4. UNSCOM Information on Bunker 2
UNSCOM inspectors conducted their first chemical inspection of Al Muthanna during early June 1991. The UNSCOM inspectors found evidence of repeated air attacks during the hostilities, and the site was very dangerous because of damaged chemical ammunition and unexploded ordnance.
Iraq declared that Coalition bombing at Al Muthanna destroyed 2,500 chemical rockets containing sarin stored in Bunker 2. UNSCOM inspectors, however, were unable to verify the exact number because of the damage to the rockets.
Using UNSCOM's estimate that Bunker 2 contained no more than 1,500 rockets filled with chemical warfare agent when destroyed, CIA estimates the agent in the rockets stored in Al Muthanna Bunker 2 had deteriorated to approximately 18 percent purity by the February 8, 1991, air strike, leaving about 1600 kilograms (1.6 metric tons) of viable agent. CIA conducted modeling supporting this narrative as part of its reexamination of the potential release at Al Muthanna. This reexamination projected that a maximum of only 10 kilograms of sarin escaped from Bunker 2 during the first few seconds after the detonation. After that time, extreme temperatures caused by the bomb detonation and subsequent fire within the bunker, confirmed by Iraq, destroyed all remaining viable agent before it vented into the atmosphere.
Figure 9 is an aerial photograph taken after the war of Bunker 2 at Al Muthanna. The hole in the top of the bunker at the center of the cross is the destructive penetration caused by the air attack
Figure 9. Al Muthanna cruciform chemical ammunition storage Bunker Number 2
on February 8, 1991. The size of the bunker is indicated by the fact that the bomb hole is six meters (19.5 feet) in diameter. The main entrance to Bunker 2 is at the opposite end from where the photograph was taken. Iraq stored munitions in the bunker transept extending left and right in the photograph.
Ground photography clearly shows damage to the bunker. Figure 10 shows the hole in the bunkers roof as seen by a person standing on top of the bunker. This hole penetrates through the seven-meter thick roof. Figure 10 does not show any debris of munitions outside the hole.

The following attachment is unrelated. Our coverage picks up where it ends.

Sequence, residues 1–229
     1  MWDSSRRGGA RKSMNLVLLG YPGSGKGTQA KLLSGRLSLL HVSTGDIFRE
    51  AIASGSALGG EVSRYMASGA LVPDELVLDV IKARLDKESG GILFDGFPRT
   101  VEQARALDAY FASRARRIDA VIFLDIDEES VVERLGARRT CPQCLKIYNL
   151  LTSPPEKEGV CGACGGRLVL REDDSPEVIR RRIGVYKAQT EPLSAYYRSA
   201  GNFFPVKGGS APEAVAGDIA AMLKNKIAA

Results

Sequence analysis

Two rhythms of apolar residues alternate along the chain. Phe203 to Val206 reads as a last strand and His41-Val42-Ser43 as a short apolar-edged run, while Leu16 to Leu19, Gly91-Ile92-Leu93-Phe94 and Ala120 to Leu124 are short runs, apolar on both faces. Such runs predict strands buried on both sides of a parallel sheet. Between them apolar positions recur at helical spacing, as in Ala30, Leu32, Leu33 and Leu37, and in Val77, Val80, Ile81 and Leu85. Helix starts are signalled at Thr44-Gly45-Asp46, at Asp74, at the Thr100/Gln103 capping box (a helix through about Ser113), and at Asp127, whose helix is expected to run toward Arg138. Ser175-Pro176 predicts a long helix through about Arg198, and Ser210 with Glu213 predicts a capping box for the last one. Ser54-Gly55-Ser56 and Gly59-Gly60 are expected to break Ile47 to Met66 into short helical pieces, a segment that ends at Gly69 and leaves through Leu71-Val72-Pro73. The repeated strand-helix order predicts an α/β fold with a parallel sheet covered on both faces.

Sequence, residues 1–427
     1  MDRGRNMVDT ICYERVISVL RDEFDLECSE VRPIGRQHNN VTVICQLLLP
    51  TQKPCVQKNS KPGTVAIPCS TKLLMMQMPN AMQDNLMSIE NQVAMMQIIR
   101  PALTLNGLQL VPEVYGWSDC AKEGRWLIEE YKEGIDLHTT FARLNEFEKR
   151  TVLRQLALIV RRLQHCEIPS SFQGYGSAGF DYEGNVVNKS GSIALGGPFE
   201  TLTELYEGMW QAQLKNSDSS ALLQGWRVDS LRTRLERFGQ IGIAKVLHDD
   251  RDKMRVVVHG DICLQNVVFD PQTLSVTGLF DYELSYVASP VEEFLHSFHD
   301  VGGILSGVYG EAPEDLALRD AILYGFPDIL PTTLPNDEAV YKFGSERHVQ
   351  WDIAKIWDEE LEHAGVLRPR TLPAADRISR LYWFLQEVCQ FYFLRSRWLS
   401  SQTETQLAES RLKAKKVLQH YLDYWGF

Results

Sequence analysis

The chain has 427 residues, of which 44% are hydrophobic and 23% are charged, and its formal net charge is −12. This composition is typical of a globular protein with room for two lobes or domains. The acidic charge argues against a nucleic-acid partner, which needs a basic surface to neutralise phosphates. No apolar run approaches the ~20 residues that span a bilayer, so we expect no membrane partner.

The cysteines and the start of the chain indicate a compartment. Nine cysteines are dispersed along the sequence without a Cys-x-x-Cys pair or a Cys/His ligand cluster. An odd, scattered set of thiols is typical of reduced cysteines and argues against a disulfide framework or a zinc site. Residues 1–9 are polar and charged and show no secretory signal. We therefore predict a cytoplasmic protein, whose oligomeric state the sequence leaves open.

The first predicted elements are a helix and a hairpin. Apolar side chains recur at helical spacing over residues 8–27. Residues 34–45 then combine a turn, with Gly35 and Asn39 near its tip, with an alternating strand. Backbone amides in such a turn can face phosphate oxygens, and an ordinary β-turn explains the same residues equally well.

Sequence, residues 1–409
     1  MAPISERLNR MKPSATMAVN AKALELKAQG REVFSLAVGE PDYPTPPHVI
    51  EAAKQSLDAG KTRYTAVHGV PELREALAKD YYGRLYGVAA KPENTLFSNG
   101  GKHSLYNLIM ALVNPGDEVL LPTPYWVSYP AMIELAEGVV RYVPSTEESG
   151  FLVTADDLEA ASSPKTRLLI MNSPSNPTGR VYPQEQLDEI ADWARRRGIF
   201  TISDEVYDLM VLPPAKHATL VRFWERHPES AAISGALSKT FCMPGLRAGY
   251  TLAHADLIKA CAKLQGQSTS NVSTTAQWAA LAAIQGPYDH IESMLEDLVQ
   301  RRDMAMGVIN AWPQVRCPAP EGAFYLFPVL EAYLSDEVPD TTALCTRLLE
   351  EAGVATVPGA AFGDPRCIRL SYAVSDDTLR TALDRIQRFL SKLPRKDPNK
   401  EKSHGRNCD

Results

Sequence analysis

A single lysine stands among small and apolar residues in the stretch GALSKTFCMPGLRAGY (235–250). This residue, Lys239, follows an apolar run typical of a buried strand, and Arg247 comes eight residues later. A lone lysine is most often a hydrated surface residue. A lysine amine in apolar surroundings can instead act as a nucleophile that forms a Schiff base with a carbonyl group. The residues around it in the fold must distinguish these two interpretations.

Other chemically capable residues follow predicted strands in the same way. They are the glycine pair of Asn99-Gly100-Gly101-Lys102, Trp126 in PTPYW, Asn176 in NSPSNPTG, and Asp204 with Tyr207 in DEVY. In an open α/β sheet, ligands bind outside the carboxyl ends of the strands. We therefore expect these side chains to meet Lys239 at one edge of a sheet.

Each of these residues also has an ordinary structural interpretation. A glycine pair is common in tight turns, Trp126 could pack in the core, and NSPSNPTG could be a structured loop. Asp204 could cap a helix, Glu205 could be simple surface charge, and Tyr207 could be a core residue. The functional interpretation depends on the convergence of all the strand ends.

Figure 10. Hole in Bunker 2, Al Muthanna
Figure 11 is a close-up photograph looking through the hole into the interior of Bunker 2. It shows the steel reinforcing rods hanging from the concrete roof into the bunker and rocket remains among the rubble caused by the detonation of the bomb dropped by the US Air Force that penetrated the roof of Bunker 2. It shows most of the debris is inside the bunker and all the steel reinforcing rods are bent down from the heat and force of the detonation.
Figure 11. View into the hole in Bunker 2
Figure 12 is a photograph taken through the Bunker 2 entrance with the bunker number at the top of the photograph. It shows the soot stained walls and ceiling, and melted plastic hanging from the fluorescent light fixtures. Thermoplastics begin to melt at temperatures above 100� Celsius (212 degrees Fahrenheit). Since the heat near the entrance to the bunker must have exceeded that temperature for some period of time, the internal temperature of the bunker where the weapons were stored must have exceeded 150� Celsius, the decomposition temperature of sarin.
Figure 12. View into Bunker 2 through the main door
The photographs indicate the attack on Bunker 2 at Al Muthanna caused an intense fire within the structure, probably fed by burning rocket fuel and packing materials. They also show that debris from the bunkers roof buried many of the rockets. This evidence supports the CIA estimate that most of the chemical warfare agent stored in the bunker either decomposed in the fires intense heat, or was buried in the debris from the bunkers roof.
C. Analyzing the Health Risks from the Al Muthanna Attacks
Determining how the air campaign against Al Muthanna may have affected US forces required relying heavily on modeling and simulation to estimate the chemical warfare agent release resulting from the destruction of Bunker 2. The intense activity of the air campaign at the time of the attacks and the sites remoteness limited battle damage assessment and prevented sampling or on-site inspection to determine whether chemical warfare agents were released at the time of the attack. To the best of our knowledge, Iraq did not collect or record such data. In addition, our investigators found some units reused bombing mission videotapes by recording over previous missions resulting in information gaps about the air war record.